• Describe the future state and develop a transition path.
  • Leadership communication of vision and purpose is mandatory.
  • Walk the talk !
  • Read early signals. Pull in lower and middle management.
  • Be patient! Cultural change does not come overnight.

M&A Pitfalls: Full Integration

Managing a post-merger integration is a mammoth task. Integrating everything is not a requirement.

Objectives should be challenging – no doubt. The objective to integrate an acquired business in full may be a little too much, though: Full integration is rarely required to achieve the major acquisition goals, and is usually only asked for if a clear business strategy has not been formulated.

A full integration approach is less targeted than a focused strategy, and often leads to a scenario in which everybody integrates something, but nobody understands the true integration objective and benefit. A lack of prioritization of integration goals will inevitably lead to resource issues, and resource issues lead to frustration. A thought-through change concept does not exist. Consequently, the organization will be very busy, but likely also another example for an unsuccessful integration attempt.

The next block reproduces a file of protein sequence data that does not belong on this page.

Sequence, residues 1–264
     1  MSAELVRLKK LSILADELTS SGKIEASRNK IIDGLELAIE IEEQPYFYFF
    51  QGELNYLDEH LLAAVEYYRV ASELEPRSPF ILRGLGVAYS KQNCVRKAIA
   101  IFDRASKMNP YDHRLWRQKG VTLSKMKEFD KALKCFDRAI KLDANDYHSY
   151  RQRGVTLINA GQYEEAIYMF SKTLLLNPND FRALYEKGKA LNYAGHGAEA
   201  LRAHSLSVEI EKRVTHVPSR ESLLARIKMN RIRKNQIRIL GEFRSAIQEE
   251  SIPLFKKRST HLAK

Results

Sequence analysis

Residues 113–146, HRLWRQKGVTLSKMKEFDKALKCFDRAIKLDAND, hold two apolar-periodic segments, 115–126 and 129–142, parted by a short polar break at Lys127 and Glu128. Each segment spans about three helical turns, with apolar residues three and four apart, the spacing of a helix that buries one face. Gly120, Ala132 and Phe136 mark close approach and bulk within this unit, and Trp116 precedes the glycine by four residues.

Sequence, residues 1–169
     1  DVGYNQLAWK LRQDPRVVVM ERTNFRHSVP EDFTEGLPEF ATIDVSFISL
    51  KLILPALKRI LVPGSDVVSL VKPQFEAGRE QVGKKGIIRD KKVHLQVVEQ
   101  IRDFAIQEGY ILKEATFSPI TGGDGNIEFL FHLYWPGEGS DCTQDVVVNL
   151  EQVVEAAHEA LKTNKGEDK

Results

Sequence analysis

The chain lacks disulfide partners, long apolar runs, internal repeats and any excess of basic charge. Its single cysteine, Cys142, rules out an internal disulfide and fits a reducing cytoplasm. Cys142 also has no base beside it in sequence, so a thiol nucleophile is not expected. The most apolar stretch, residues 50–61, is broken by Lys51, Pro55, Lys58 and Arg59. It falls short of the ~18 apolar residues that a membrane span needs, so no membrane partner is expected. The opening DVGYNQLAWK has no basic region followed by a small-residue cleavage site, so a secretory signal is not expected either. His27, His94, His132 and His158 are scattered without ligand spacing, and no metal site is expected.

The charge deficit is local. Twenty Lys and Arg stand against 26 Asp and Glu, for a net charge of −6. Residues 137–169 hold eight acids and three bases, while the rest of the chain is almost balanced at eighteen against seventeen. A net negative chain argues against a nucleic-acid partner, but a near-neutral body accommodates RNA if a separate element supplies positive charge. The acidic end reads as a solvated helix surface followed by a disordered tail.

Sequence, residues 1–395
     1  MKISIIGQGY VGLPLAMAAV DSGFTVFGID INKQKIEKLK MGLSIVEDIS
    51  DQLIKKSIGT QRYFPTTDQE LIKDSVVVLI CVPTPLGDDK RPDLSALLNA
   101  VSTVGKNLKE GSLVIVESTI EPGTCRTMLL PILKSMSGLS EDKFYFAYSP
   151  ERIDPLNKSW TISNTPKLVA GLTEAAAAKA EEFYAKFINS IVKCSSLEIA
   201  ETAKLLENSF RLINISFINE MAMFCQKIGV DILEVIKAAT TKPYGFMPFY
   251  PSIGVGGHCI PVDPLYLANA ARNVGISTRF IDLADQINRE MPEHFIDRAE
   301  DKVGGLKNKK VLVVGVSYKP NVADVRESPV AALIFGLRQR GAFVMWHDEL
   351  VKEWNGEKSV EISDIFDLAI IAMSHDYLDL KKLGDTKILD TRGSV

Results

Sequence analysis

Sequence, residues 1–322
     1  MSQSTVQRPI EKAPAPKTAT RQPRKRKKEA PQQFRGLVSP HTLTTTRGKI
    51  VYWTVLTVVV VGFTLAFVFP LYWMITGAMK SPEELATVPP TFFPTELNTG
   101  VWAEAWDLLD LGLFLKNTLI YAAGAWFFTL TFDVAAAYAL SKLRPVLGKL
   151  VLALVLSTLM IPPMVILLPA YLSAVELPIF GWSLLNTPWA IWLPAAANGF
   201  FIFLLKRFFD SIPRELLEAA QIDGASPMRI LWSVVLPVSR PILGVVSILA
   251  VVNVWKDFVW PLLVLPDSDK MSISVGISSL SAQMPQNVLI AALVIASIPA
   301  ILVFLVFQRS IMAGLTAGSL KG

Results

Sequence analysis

Prevention strategies include:

  • Management involvement in developing the future organization design
  • Developing a target operating model (a.k.a. „TOM“ – compare this article)
  • Leadership commitment to the TOM
  • Identification and elimination of leadership that will not be part of the joint business

M&A Pitfalls: Timeline? What Timeline?

ROI hinges on investment amount, future income flow, and time. The latter tends to get ignored.

More often than not, I get called to support a project that is past due already. At the time I arrive on site, management has realized that the original timeline cannot be met, and that integration progress and synergy delivery are delayed. In other words: The original timeline is shot, with the knock-on effect that the entire financial model does not work anymore.

Mostly, a lack of planning during due diligence can be identified as the root cause: The effort linked to integration is larger than anticipated, there is no structured project management or controlling, risks and progress (or the lack thereof) are not clearly communicated. In addition, frequently day-to-day business and integration work are not properly aligned, leading to competing priorities.

There are, however, a few things management can do to avoid this scenario: